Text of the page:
Pay attention to the tension in your body. Let go of it and any expectations to do anything other than God’s will today. Prepare yourself to hear God’s word.
Revelation 8:1 5 New Revised Standard Version (NRSV)
When the Lamb opened the seventh seal, there was silence in heaven for about half an hour. And I saw the seven angels who stand before God, and seven trumpets were given to them.
Another angel with a golden censer came and stood at the altar; he was given a great quantity of incense to offer with the prayers of all the saints on the golden altar that is before the throne. And the smoke of the incense, with the prayers of the saints, rose before God from the hand of the angel. Then the angel took the censer and filled it with fire from the altar and threw it on the earth; and there were peals of thunder, rumblings, flashes of lightning, and an earthquake.
I must admit that my first reaction when I saw these verses as one of the readings for today was to run (or scroll or click) as fast and as far as I could in the opposite direction. But I remembered a Sunday school lesson taken from Revelation that I taught not too long ago. This lesson, from our Encounter series, was well received and welcomed by the class. I will share some of those words here, including my lesson title: “Che, Sera, Sera” (You may remember the song… “what will be, will be”).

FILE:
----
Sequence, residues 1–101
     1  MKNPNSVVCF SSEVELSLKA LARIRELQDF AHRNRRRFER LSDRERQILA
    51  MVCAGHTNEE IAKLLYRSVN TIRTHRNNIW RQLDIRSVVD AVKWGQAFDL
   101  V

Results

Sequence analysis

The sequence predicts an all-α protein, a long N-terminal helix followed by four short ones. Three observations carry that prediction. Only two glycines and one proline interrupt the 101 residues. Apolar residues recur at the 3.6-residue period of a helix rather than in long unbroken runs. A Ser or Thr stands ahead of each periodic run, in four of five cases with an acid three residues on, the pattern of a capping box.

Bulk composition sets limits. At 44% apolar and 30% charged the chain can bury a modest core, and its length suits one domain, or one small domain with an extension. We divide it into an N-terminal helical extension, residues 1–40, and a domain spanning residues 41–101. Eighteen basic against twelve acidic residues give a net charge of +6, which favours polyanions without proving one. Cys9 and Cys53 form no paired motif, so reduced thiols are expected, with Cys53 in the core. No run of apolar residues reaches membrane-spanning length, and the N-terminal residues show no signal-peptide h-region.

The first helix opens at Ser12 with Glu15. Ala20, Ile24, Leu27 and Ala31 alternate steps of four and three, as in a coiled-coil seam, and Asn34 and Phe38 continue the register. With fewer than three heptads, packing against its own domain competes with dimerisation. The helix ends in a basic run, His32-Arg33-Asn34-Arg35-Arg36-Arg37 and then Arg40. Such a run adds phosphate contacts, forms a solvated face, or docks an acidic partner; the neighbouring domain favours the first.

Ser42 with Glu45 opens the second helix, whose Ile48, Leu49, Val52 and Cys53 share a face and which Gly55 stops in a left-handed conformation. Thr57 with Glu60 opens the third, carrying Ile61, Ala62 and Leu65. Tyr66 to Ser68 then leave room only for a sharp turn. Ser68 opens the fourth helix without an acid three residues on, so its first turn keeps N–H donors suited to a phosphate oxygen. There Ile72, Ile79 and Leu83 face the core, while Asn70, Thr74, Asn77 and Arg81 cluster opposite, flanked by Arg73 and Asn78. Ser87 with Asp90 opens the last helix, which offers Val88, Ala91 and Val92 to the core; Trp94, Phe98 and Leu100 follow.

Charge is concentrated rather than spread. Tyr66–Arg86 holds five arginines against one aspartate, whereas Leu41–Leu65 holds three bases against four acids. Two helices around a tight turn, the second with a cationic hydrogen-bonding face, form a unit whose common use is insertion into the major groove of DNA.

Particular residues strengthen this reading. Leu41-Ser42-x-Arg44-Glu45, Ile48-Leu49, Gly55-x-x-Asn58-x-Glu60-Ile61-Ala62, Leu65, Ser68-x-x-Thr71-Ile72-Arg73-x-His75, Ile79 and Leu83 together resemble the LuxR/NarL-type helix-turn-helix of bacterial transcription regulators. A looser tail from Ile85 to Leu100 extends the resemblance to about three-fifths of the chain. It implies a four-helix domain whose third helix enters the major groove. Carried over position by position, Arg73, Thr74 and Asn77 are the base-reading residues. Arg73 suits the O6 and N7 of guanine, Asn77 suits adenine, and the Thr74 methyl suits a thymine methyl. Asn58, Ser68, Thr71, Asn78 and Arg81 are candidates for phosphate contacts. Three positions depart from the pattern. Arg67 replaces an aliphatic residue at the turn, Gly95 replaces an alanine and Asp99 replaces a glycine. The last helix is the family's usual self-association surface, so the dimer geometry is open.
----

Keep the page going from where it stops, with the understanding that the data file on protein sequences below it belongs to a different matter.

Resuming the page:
I told the class that day that I, personally, take the view that Revelation was primarily—a letter to the seven churches and, as such, can be interpreted in the perspective of the times in which it was written and according to the beliefs and politics of the day. Like most of the scriptures, it has meaning for that time—but that meaning may also be interpreted as applicable to the Christian experience in future times—including the present day.
That title, “Che, Sera, Sera” was not meant to be flip or dismissive of the scriptures, but to remind us that our future is in the hands of God, and God alone knows how and when Jesus will return. We can agonize and parse and argue, but Jesus, himself, states that clearly and authoritatively.
So, we might look at the book of Revelation as God’s promises rather than God’s threats. If that is the case, we can interpret these verses as a reassurance that prayer is effective—God hears the prayers of the saints and acts on them, according to God’s will. This is true today and it will be true at the end of time.
In the words of Julian of Norwich: “…all shall be well, and all shall be well, and all manner of thing shall be well.”
God of the past, present, and future, we know that you hear our every prayer—from the smallest whisper to the loudest shout. Add our petitions to the prayers of the saints, so that we may confidently wait for your will to be done in all things. Amen
Go with God!